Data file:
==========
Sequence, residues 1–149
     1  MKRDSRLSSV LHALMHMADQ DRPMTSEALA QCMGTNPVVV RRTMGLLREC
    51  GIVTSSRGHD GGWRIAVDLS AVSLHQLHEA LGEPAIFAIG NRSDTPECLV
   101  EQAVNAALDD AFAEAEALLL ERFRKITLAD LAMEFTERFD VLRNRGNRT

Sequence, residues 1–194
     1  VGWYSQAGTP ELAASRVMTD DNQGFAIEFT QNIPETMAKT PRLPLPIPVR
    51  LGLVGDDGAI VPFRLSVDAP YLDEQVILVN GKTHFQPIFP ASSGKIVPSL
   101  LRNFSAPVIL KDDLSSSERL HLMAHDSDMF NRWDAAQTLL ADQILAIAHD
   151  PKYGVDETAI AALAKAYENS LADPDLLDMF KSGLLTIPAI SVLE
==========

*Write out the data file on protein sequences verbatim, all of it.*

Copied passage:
Sequence, residues 1–149
     1  MKRDSRLSSV LHALMHMADQ DRPMTSEALA QCMGTNPVVV RRTMGLLREC
    51  GIVTSSRGHD GGWRIAVDLS AVSLHQLHEA LGEPAIFAIG NRSDTPECLV
   101  EQAVNAALDD AFAEAEALLL ERFRKITLAD LAMEFTERFD VLRNRGNRT

Sequence, residues 1–194
     1  VGWYSQAGTP ELAASRVMTD DNQGFAIEFT QNIPETMAKT PRLPLPIPVR
    51  LGLVGDDGAI VPFRLSVDAP YLDEQVILVN GKTHFQPIFP ASSGKIVPSL
   101  LRNFSAPVIL KDDLSSSERL HLMAHDSDMF NRWDAAQTLL ADQILAIAHD
   151  PKYGVDETAI AALAKAYENS LADPDLLDMF KSGLLTIPAI SVLE